Today in the Americas, Radio Martí

This is my first post on To the Roots, which gets its name from a quote by Jose Marti. It seems a good place to continue my discussion of the Americas

radio marti

An interesting cold war tale begins (like many) in Cuba. This is the 50th anniversary of the Cuban Revolution, but it has been almost as many years of constant US subversion and coup attempts. When the assassination attempts failed, the US took a more ecumenical approach in its creation of Radio Martí today in 1985 (24 years ago) – which, and this is not a coincidence, was the day Cuba was “liberated” from Spain in 1902 (107 years ago)

Radio Martí (and its 1990 successor TV Martí) beams 24-hour broadcasts from the United States to Cuba, often featuring former political prisoners and exiles. Radio Martí is funded by the United States with a $15 million budget. Its short- and medium-wave signals are often blocked by Cuba.

The West’s insistence that propaganda and capitalism would bring down the communist regimes of Eastern Europe and across the world was a distinctly, ideologically cold war idea. The effectiveness of Radio Free Europe, for example, cannot be measured. The fall of the Soviet Union and the Eastern Bloc cannot be empirically traced to propaganda (although we try). The taxpayer funded station’s very existence today is testament to our cold warrior ideals and our inability to let go (Voice of America, broadcast in forty-six languages across the world, is another example).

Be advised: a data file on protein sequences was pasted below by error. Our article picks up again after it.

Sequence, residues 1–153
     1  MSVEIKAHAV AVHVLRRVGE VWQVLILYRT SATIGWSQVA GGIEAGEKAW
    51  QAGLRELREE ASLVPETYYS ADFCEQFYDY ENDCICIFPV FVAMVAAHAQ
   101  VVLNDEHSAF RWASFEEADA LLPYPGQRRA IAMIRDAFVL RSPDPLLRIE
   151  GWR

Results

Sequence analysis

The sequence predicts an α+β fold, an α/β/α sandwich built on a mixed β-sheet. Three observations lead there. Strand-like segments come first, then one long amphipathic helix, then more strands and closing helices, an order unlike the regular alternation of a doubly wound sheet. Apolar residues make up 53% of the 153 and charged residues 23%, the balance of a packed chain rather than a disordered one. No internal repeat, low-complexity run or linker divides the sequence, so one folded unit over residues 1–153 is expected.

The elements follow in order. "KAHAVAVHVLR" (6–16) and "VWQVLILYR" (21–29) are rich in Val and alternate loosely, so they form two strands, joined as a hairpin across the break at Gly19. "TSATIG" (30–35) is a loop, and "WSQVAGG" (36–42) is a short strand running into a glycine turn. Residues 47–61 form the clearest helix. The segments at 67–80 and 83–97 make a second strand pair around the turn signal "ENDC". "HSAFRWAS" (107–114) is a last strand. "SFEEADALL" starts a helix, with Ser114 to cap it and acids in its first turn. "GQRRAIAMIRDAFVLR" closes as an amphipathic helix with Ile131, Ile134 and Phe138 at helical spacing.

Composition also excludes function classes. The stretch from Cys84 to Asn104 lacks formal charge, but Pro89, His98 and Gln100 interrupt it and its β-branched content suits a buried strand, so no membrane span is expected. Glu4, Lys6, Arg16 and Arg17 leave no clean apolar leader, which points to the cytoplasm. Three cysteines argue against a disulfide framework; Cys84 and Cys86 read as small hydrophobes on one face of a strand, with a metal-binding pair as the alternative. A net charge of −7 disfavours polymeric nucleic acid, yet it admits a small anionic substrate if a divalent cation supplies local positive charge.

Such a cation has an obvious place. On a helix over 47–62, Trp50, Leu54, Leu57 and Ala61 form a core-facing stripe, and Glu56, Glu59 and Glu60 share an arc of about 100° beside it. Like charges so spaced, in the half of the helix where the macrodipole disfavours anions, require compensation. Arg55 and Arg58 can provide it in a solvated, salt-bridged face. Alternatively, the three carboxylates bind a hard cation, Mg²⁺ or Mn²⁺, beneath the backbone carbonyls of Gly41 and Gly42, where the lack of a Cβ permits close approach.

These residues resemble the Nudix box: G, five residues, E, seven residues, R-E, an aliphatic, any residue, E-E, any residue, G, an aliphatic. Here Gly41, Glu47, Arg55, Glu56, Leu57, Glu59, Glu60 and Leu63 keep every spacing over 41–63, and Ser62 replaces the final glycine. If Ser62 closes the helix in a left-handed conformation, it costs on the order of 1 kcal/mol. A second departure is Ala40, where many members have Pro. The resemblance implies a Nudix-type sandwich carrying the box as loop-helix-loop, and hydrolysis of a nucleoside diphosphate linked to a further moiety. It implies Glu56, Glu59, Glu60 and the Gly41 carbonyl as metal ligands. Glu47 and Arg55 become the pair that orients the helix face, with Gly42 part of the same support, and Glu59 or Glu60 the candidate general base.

But it hard for some to swallow that we have kept funding this relic of the cold war. After the USSR fell, voices began to emerge from thaw after the deep freeze of communism. Fabio Leite, director of the Radiocommunications Office of the International Telecommunications Union, has called Radio Martí illegal and ineffective. We are, in essence, only able to create information for dissemination, as Radio Martí, while at times being able to be listened to in the US, can only be broadcast towards, in this case, Cuba.

As the conversation with Cuba has shifted in the past few months under Barack Obama, so to must our empirical and tangible policies. I agree with the calls to end Radio Martí after a report from the Government Accountability Office saying that TV Martí reaches less than 1 percent of the Cuban population.

If for nothing else, this is sly subversion of the legacy of Jose Martí, a man that is championed by both sides (for good reasons). However, Martí would not stand for this sort of championing. In fact, it is clear that the US is clearly aware of Martí’s standing as it trying to further the radio stations credibility by launching TV Martí today to commemorate “Cuba’s” “independence” from Spain in 1902 – and held the island hostage until 1934, when its Platt Amendment was revoked by Congress.

If Martí was around today, this sort of tactic would be what he feared from the US and its intentions with the island.

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~ by Daniel on May 20, 2009.

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